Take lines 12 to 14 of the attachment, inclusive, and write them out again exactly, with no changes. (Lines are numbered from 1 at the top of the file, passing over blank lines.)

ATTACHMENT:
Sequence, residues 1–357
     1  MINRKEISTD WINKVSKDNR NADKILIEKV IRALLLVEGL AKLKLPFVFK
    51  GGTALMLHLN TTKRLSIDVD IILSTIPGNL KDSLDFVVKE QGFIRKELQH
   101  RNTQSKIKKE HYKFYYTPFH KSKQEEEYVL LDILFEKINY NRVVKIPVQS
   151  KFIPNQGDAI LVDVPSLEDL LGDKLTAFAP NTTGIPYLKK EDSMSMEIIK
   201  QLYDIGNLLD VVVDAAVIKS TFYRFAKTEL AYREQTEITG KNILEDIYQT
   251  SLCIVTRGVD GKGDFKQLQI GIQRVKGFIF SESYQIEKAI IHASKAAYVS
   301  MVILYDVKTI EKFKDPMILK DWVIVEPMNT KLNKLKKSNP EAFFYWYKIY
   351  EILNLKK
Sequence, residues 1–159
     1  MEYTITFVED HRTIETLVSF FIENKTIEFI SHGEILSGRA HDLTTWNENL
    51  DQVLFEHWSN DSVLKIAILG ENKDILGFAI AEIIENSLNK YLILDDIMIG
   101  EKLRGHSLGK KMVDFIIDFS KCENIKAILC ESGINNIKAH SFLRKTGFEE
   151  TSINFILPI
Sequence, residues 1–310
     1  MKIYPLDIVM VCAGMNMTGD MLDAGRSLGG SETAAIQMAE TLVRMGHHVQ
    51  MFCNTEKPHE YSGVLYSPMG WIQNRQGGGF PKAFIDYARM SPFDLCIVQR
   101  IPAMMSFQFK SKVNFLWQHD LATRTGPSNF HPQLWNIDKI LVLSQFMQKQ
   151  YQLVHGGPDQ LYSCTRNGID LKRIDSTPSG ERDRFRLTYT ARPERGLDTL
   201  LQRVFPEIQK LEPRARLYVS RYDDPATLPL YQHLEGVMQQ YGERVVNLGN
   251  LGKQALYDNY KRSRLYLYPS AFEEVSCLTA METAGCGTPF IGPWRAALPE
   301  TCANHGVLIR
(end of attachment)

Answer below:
    51  DQVLFEHWSN DSVLKIAILG ENKDILGFAI AEIIENSLNK YLILDDIMIG
   101  EKLRGHSLGK KMVDFIIDFS KCENIKAILC ESGINNIKAH SFLRKTGFEE
   151  TSINFILPI